The property rights school, a dominant philosophy in development strategies pursued by donor agencies, asks for the rapid legal institutionalization of private property that will theoretically move economies towards pareto efficient uses of resources and expand growth. However, pursuit of property stabilization as a means to a growth strategy is deleterious, as brisk institutionalization of private property regimes proved disastrous in a development context and created additional social pressures leading to humanitarian catastrophes. Further, in the history of the countries that now comprise the ‘developed world’, property stabilization was an elongated, bloody transformation that accompanied hundreds of years of conflict, demographic shifts, intricate adjustment, and political alteration. To expect a swift, fastidious, and peaceful transformation during property rights stabilization in light of recent history in Rwanda, Nepal, and across the developing world has shown to be not only myopic and intellectually dishonest, but dangerous as well.
2. Why Property Rights Stabilization as a Growth Strategy?
“Countries with better institutions, more secure property, and less distortionary policies will invest more in physical and human capital, and will use these factors more efficiently to achieve a greater level of income” (Acemoglu, 1369)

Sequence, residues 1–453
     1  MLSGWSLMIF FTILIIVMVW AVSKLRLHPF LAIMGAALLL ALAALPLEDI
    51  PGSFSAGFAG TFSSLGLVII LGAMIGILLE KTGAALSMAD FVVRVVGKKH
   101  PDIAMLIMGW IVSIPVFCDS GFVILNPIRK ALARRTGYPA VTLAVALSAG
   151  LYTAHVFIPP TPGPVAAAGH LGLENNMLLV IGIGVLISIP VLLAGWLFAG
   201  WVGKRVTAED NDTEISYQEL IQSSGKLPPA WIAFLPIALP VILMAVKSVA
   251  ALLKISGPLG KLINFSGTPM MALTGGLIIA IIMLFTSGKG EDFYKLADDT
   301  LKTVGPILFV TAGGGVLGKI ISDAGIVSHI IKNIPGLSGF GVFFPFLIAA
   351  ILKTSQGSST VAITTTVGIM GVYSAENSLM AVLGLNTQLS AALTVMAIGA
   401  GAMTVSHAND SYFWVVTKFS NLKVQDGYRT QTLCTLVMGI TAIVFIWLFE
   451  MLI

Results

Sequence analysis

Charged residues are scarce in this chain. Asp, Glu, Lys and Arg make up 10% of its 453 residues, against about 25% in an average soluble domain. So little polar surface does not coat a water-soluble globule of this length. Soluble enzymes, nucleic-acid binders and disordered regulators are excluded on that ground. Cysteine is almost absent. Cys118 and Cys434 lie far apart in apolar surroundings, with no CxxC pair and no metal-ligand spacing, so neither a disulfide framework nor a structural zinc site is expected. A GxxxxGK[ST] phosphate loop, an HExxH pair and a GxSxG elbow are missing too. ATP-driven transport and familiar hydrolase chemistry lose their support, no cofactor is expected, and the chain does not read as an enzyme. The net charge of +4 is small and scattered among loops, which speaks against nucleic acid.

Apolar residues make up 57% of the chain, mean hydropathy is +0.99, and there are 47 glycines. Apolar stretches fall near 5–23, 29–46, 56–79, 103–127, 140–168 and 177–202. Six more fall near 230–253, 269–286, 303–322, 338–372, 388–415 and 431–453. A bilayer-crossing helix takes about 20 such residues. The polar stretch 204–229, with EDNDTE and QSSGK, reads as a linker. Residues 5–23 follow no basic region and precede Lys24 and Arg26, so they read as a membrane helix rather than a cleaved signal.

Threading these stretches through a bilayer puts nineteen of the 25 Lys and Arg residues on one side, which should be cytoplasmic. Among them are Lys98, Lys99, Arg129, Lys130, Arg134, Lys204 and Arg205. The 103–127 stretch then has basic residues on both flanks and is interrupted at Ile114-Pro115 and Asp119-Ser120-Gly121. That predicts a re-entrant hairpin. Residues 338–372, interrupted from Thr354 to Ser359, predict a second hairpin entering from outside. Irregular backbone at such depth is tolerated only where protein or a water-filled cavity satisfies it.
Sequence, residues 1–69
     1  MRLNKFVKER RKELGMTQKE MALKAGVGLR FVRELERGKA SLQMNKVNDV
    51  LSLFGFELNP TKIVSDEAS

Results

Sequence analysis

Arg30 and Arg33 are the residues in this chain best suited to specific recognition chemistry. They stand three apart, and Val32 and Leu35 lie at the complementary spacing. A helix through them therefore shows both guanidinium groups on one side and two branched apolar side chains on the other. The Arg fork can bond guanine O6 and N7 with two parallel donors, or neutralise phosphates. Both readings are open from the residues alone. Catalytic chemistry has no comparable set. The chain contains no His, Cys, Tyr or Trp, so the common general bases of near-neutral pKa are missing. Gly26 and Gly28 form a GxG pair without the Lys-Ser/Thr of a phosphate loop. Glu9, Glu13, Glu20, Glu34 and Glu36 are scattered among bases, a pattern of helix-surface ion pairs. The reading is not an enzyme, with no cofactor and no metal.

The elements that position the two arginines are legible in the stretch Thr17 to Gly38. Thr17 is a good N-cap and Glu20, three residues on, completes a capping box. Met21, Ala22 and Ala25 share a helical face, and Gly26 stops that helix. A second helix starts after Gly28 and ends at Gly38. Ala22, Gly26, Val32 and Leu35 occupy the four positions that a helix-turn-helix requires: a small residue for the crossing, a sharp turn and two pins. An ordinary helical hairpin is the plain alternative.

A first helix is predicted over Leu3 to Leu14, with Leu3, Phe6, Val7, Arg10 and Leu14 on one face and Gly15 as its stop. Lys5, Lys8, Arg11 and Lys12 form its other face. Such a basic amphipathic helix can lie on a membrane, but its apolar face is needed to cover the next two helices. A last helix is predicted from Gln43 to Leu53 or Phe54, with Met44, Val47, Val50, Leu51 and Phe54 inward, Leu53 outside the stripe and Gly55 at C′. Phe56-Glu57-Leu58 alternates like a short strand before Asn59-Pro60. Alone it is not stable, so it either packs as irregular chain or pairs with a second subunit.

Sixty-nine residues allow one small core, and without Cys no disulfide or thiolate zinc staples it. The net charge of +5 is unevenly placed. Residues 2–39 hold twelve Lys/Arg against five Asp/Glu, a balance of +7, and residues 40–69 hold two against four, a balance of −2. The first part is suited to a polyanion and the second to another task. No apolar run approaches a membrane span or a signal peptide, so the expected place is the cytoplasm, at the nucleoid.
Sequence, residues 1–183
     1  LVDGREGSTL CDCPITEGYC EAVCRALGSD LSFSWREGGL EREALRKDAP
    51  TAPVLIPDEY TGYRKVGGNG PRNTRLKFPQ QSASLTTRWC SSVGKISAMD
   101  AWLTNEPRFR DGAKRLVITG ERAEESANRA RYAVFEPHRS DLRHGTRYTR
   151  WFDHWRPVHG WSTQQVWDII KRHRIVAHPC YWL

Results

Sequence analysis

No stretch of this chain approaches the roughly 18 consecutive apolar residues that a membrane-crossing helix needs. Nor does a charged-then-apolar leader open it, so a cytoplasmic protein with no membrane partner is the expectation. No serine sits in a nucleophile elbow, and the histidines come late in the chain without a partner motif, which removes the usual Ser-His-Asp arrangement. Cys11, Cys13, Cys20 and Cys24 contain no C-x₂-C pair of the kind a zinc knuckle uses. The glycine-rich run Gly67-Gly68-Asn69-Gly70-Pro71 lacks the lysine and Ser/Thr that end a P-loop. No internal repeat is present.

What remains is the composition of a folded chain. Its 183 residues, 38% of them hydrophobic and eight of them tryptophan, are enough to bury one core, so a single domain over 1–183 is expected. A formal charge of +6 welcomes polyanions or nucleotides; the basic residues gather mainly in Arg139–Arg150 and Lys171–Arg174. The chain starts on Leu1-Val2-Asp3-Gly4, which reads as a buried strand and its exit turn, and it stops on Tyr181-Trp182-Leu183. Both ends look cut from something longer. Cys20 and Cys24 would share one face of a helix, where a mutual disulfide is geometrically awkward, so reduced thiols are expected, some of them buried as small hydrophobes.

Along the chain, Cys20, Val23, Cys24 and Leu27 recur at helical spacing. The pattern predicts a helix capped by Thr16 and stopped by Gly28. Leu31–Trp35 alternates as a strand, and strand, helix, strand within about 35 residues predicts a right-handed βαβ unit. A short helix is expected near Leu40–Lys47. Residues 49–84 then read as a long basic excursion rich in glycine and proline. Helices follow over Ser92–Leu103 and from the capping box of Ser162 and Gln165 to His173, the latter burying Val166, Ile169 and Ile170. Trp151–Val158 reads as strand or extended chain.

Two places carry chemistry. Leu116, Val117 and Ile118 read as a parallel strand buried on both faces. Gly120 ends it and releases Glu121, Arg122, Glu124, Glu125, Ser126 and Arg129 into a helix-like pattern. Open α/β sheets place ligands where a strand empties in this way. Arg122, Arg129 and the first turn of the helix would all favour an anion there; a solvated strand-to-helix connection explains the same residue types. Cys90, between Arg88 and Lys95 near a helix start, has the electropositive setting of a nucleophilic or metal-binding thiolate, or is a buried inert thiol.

The property rights school is closely aligned with neoclassical fields objective of growth through liberalization of markets in developing countries. For those seeking property rights stabilization, this typically means moving towards the final objective of privatization of property. Theoretically, property rights stabilization will reduce transaction costs and risk, thus increase investment, growth, and aggregate social welfare. In the words of Bates, “because the formation of capital spans time, the decision to invest entails risk”, so the minimization of risk will stimulate long-term growth (22). This will be an efficiency maximizing outcome, implying that the framework is neutral as regards to distribution and economically efficient; i.e., simply, unconcerned with distributional inequality as long as net social welfare increases.